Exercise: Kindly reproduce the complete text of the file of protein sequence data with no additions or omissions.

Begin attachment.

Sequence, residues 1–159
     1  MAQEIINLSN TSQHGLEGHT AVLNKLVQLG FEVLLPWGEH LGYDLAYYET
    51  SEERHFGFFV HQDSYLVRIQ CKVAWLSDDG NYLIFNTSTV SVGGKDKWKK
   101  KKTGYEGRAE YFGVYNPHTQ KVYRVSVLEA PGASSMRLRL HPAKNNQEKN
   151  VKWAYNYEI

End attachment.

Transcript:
Sequence, residues 1–159
     1  MAQEIINLSN TSQHGLEGHT AVLNKLVQLG FEVLLPWGEH LGYDLAYYET
    51  SEERHFGFFV HQDSYLVRIQ CKVAWLSDDG NYLIFNTSTV SVGGKDKWKK
   101  KKTGYEGRAE YFGVYNPHTQ KVYRVSVLEA PGASSMRLRL HPAKNNQEKN
   151  VKWAYNYEI